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					                                                                                                                                    September 2009



                                              Foreign Currency Option Conventions


Contents
1. Description ............................................................................................................................................... 2
2. Products ................................................................................................................................................... 2
3. Dealing ..................................................................................................................................................... 2
      3.1. Methods of Dealing .................................................................................................................. 3
      3.2. Electronic Dealing ..................................................................................................................... 3
      3.3. Business Days ........................................................................................................................... 3
      3.4. Standard Transaction Size (market parcel) .............................................................................. 3
      3.5. Two Way Pricing ....................................................................................................................... 3
      3.6. Quotation and Dealing ............................................................................................................. 3
      3.7. Other Instrument Conventions ................................................................................................ 4
      3.8. Basis .......................................................................................................................................... 5
      3.9. Maturity Conventions............................................................................................................... 5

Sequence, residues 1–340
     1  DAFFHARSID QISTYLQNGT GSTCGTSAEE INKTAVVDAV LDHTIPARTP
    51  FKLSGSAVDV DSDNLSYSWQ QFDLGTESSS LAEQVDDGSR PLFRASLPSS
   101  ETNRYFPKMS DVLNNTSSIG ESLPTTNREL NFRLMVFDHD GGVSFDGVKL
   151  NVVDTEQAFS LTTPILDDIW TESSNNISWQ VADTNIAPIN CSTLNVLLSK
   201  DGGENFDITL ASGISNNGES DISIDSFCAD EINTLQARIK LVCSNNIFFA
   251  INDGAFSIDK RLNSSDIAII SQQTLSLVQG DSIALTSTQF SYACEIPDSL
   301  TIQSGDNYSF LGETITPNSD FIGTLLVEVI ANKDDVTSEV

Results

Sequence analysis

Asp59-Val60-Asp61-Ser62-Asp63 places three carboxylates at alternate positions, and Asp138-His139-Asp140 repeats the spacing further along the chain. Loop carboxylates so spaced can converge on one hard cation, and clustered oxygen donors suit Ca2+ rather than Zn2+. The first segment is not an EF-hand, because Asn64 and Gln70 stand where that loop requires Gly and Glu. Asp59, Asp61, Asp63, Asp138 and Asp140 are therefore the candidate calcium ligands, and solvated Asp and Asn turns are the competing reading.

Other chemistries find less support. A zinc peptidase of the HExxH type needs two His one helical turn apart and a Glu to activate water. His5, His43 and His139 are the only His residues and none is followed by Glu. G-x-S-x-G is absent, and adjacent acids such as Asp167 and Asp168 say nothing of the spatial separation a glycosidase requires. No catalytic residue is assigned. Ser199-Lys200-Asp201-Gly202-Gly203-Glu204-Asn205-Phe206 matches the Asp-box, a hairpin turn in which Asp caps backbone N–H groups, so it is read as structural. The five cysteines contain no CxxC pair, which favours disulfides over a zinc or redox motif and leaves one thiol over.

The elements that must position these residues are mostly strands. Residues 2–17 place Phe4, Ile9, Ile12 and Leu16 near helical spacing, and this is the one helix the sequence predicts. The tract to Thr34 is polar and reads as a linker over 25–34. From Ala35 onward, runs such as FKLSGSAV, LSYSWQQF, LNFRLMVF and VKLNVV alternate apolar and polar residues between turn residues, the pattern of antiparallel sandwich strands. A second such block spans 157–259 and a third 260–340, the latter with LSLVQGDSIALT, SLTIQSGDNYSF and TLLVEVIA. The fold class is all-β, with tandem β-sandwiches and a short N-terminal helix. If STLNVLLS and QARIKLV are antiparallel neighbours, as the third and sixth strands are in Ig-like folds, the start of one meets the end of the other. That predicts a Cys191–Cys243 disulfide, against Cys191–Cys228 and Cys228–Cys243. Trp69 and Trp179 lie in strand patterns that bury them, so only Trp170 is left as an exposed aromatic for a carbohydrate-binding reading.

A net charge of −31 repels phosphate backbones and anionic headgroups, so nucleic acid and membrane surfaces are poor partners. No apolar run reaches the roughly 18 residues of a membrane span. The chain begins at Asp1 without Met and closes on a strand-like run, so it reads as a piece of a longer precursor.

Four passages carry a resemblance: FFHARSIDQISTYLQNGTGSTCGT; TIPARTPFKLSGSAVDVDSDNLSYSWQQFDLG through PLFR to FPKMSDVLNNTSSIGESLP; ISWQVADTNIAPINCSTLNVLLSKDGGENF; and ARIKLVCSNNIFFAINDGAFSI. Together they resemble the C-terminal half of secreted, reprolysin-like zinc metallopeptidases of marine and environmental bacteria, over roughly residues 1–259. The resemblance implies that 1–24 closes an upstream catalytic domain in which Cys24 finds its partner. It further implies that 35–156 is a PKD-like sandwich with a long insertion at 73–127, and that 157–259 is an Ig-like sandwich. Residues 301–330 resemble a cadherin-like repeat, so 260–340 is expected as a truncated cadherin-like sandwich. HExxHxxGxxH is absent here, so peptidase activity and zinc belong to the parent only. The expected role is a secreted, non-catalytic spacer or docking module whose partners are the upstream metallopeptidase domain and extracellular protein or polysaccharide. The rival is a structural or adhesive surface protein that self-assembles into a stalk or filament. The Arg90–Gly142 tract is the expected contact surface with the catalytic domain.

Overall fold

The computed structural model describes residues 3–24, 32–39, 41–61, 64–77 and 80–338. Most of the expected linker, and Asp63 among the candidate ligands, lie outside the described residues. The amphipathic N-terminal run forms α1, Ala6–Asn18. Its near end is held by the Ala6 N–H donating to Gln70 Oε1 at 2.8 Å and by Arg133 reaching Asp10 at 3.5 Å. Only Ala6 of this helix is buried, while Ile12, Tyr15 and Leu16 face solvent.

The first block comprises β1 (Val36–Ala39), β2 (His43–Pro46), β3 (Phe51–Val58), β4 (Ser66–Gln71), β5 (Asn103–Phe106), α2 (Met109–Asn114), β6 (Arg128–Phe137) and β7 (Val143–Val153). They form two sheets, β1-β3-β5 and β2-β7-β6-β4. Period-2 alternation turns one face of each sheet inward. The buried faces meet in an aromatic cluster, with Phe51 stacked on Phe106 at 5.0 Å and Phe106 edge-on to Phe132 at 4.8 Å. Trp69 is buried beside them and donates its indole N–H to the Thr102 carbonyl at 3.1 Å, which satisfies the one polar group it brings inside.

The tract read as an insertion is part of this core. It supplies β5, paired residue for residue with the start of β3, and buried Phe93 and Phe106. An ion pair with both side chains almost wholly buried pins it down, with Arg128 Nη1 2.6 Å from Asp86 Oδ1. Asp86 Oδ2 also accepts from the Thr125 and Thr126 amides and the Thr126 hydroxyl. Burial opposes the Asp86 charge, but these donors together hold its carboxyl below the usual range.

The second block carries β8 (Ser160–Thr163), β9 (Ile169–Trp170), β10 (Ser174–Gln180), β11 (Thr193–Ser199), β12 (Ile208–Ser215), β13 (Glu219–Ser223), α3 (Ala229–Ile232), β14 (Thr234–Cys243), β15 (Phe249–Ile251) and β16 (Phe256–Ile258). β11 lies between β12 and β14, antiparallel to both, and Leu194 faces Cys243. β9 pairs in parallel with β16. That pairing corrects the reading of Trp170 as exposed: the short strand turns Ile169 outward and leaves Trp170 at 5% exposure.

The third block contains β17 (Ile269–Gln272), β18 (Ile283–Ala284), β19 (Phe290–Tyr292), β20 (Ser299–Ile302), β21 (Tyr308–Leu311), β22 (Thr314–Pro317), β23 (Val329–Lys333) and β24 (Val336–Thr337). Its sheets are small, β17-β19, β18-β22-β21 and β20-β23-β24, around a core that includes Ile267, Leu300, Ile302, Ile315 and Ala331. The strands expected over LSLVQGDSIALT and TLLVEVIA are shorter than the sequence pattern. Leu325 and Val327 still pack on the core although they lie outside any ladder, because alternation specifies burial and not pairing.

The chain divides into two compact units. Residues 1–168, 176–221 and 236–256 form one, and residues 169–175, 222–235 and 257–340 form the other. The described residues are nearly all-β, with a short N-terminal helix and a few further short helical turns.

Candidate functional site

3.10. Settlement Rate or Index ......................................................................................................... 5
      3.11. Premium Payment Date(s) ....................................................................................................... 5
      3.12. Expiry Conventions ................................................................................................................... 5
      3.13. Broker Conventions .................................................................................................................. 5
      3.14. Confidentiality .......................................................................................................................... 5
      3.15. Credit ........................................................................................................................................ 5
      3.16. Exercise of Options ................................................................................................................... 6
      3.17. Data Source .............................................................................................................................. 6
      3.18. Pricing formulae ....................................................................................................................... 6
4. Confirmations .......................................................................................................................................... 6
      4.1. Timing ....................................................................................................................................... 6
      4.2. Terminology.............................................................................................................................. 6
      4.3. Documentation......................................................................................................................... 7
5. Settlements .............................................................................................................................................. 7
      5.1. Physical Settlements................................................................................................................. 7